- The US is among the worst-hit countries by the Covid-19 pandemic with several active cases and tremendous death rates so far.
- Despite the US dealing with severe issues, Trump got involved in a spat with social media giant Twitter over his posts being tagged for fact-checking.
- The President signed an executive order against social media companies seeking amendment in Section 230 law providing liability protections to these companies.
- Twitter remained unaffected and Facebook distanced itself from the fight.
- Ignoring US threats, China went ahead with new powers over Honk Kong.
During Covid-19 pandemic, the US is going through a lot. It is among the worst-impacted countries amid the coronavirus crisis. The US President has a lot of severe issues to take care of, including economic recession, riots, people losing their jobs due to the ongoing virus crisis, and the increasing casualties due to Covid-19.
That said, many are questioning the timing of Mr President's getting all out against the social giants. US President Donald Trump had lashed out on social media giant Twitter when the latter applied fact checks to two of his tweets. As per Mr Trump, the editorial decision by the Company constitutes political activism.
US President Donald Trump intensified his stand by signing an executive order against social media companies like Twitter and Facebook, challenging the liability protections that served as a foundation for an unfettered speech on the internet.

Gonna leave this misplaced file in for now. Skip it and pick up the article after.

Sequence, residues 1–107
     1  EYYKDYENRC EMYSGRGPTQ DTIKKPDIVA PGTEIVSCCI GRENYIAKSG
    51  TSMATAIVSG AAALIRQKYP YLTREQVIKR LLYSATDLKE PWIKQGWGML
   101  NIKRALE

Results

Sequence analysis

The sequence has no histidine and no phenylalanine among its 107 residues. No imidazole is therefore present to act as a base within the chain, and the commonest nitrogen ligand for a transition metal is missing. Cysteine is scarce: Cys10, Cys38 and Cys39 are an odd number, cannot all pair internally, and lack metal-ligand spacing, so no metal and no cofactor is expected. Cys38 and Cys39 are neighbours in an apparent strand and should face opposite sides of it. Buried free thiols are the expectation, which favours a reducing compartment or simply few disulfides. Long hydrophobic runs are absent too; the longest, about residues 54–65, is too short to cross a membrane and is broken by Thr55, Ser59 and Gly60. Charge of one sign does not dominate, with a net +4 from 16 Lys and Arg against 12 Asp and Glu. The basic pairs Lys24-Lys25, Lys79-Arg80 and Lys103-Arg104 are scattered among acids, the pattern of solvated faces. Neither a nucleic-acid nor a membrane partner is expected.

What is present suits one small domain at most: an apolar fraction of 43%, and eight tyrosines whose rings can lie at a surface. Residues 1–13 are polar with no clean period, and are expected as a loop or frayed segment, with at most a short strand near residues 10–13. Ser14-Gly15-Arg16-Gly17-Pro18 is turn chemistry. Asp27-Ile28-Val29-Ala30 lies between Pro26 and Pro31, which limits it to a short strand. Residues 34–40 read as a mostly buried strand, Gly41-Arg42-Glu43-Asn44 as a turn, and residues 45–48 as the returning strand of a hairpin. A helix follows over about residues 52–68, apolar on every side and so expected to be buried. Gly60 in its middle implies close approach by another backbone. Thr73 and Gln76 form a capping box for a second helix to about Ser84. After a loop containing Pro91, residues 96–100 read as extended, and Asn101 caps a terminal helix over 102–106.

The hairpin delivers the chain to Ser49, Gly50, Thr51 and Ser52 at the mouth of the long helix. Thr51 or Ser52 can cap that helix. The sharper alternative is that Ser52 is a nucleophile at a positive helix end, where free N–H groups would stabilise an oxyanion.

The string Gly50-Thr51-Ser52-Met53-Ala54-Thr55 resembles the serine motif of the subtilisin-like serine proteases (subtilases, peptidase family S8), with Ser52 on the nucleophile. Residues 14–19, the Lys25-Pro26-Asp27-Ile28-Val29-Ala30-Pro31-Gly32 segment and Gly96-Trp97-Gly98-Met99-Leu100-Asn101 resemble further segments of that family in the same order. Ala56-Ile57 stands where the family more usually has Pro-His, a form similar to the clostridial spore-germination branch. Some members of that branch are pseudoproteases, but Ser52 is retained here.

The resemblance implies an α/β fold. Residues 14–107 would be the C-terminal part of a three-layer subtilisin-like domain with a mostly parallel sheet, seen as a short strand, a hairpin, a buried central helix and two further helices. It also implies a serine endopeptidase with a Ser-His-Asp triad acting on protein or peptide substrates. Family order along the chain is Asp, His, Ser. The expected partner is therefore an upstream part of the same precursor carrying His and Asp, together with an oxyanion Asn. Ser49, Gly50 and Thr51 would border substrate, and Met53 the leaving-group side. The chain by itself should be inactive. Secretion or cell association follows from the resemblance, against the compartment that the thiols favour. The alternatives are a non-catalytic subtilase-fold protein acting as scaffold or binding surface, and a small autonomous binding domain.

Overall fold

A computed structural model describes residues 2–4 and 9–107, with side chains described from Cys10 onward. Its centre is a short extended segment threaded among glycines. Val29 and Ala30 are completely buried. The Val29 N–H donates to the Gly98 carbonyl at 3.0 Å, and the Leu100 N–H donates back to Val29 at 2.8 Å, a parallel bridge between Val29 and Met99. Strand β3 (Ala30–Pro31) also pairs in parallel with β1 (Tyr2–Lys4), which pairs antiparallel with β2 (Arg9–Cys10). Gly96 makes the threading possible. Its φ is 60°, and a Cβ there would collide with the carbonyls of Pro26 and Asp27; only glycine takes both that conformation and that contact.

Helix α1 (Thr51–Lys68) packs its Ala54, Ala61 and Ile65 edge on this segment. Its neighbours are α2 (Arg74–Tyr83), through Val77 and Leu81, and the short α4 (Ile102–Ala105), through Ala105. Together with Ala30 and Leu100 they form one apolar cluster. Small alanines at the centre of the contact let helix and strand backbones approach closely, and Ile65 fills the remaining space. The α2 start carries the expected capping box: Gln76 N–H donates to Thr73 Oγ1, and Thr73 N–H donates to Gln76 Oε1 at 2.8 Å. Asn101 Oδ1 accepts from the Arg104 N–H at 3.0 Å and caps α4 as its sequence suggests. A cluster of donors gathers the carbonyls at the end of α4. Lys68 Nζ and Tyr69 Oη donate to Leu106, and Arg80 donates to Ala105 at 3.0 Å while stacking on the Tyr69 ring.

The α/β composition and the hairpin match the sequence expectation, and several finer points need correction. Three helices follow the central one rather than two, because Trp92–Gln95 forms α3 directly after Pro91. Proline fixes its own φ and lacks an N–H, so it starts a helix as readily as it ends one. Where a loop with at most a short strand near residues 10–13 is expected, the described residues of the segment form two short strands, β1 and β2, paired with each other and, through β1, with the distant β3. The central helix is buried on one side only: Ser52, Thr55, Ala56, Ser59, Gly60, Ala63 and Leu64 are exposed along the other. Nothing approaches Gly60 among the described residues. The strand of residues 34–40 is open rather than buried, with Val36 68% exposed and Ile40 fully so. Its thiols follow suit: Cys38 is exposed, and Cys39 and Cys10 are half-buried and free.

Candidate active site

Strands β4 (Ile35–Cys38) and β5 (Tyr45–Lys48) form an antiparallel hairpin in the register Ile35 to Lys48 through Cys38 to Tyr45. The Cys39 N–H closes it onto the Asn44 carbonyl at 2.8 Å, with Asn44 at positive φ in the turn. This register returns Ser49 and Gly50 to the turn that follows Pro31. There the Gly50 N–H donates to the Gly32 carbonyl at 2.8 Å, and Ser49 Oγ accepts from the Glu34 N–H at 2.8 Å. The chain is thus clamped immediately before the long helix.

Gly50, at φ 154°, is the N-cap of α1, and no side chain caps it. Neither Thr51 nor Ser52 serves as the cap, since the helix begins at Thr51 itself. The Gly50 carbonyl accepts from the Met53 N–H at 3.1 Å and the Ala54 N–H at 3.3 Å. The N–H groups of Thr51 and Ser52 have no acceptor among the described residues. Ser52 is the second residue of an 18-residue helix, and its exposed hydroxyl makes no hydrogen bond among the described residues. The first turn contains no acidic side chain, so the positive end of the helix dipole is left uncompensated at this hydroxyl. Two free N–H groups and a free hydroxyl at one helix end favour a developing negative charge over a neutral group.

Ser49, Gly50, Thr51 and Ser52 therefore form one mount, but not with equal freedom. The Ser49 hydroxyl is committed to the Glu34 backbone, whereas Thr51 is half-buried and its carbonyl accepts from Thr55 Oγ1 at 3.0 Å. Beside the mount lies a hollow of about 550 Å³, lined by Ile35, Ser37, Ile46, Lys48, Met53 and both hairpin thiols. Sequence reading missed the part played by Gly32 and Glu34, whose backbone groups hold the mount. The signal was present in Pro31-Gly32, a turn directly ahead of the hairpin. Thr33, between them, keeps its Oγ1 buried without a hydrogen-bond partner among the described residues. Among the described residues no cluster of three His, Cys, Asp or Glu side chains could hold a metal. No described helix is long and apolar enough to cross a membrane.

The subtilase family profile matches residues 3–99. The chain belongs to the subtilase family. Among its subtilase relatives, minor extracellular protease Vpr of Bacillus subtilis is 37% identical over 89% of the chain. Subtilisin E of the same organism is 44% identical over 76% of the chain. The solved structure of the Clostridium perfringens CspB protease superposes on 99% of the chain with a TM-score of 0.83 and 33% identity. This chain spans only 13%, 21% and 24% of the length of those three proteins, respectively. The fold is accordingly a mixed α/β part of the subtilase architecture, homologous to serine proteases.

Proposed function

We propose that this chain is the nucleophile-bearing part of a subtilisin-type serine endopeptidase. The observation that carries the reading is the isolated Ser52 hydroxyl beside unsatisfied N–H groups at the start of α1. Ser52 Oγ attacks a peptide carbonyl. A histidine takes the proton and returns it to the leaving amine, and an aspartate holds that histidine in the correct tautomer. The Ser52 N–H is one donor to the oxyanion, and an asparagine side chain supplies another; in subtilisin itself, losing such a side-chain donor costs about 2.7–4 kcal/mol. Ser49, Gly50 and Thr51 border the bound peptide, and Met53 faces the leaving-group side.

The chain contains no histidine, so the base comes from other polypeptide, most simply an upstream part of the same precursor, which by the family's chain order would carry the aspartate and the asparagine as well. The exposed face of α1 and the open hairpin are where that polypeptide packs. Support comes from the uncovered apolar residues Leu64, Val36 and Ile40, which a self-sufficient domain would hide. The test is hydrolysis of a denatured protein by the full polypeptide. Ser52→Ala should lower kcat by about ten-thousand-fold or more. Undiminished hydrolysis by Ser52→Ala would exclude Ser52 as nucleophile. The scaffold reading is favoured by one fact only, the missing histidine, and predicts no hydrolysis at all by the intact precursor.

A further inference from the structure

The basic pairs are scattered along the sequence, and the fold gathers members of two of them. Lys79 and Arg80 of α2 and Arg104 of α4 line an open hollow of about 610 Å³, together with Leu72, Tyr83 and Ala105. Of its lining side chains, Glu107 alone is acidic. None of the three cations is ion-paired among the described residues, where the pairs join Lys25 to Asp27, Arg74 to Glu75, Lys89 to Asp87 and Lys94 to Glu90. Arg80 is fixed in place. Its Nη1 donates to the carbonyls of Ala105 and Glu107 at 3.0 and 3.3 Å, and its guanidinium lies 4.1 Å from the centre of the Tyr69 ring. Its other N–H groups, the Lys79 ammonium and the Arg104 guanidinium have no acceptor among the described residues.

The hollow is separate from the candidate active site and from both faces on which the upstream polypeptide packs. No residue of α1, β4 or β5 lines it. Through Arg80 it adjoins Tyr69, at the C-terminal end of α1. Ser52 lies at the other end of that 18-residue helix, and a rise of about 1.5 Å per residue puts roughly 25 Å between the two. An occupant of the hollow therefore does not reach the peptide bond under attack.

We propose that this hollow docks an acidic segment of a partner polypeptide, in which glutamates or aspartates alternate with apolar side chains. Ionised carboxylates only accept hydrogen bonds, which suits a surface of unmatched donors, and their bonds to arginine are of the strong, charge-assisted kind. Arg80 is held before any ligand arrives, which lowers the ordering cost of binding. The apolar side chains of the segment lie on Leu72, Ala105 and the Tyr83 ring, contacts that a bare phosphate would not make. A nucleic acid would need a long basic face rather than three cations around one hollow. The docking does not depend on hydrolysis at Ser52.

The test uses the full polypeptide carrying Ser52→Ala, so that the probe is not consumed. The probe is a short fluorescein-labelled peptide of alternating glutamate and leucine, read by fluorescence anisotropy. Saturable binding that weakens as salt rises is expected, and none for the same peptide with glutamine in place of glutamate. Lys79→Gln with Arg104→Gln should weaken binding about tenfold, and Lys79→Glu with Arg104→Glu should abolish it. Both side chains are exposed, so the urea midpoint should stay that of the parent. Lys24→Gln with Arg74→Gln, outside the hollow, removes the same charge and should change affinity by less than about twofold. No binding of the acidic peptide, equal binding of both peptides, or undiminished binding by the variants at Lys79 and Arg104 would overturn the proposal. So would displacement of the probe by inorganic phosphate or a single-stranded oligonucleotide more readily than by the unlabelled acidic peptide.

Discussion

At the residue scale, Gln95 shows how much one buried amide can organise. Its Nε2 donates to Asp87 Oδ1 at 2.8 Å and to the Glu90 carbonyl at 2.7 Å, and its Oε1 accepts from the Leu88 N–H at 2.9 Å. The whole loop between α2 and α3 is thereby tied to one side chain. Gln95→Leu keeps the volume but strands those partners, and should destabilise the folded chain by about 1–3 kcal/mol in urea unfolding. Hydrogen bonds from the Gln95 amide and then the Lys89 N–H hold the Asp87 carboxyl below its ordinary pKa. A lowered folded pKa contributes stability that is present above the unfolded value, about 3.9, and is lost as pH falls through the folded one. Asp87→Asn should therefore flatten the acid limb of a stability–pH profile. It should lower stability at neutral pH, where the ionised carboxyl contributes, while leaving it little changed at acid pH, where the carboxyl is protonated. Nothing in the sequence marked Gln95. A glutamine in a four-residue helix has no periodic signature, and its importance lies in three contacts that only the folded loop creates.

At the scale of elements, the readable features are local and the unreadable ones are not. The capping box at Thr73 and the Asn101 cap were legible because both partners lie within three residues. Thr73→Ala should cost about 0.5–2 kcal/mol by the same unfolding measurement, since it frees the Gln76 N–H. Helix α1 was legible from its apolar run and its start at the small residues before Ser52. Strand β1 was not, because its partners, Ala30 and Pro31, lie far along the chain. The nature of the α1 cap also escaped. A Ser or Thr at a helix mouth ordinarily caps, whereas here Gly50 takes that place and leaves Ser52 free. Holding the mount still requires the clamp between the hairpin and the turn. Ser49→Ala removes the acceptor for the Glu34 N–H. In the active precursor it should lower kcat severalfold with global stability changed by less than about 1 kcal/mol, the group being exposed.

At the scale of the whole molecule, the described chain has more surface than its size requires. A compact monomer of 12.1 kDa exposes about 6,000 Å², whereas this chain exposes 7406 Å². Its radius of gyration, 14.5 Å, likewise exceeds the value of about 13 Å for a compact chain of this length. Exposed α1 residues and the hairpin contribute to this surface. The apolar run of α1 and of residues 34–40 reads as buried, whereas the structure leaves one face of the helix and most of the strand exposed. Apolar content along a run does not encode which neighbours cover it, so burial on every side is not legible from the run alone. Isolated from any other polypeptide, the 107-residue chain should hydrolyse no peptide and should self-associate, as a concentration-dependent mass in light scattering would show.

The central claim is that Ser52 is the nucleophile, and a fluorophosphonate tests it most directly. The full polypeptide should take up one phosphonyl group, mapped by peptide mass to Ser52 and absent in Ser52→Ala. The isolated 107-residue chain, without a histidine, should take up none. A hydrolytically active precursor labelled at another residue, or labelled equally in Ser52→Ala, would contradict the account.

Mr Donald Trump has threatened the companies that the tagging will cost them their legal protections for what is posted on their platforms.
The order is a proposal of amendment in Section 230 law, and it directs executive branch agencies comprising the Federal Trade Commission and Federal Communications Commission to find out whether it is possible to place new rules to the social media companies.
Image source: Twitter
The President got so irked with the fact that the Company tagged fact checks on his tweet that now he is accusing them of interfering with the 2020 presidential election and of stopping free speech.
Apart from signing the executive order, Trump is also threatening prominent social media companies that now either the companies will be closed down or regulated strongly. The order he signed on Thursday (28 may 2020) , will allow regulators to go not only just after Twitter but Facebook and Google as well, about the way these companies handled the content posted on their respective platforms.
As per section 230, which is part of the 1996 Communications Decency Act, the social media platforms can guard their platforms as they like without being accountable for the content posted on their platforms. Mr Trump and other Republicans are seeking an amendment to section 230.
Also, Twitter has faced a lot of objection in the past for not flagging or even deleting presidential tweets. If an ordinary user posts inappropriate content, the Company suspends their account, but presidents always came in the Company's privileged category.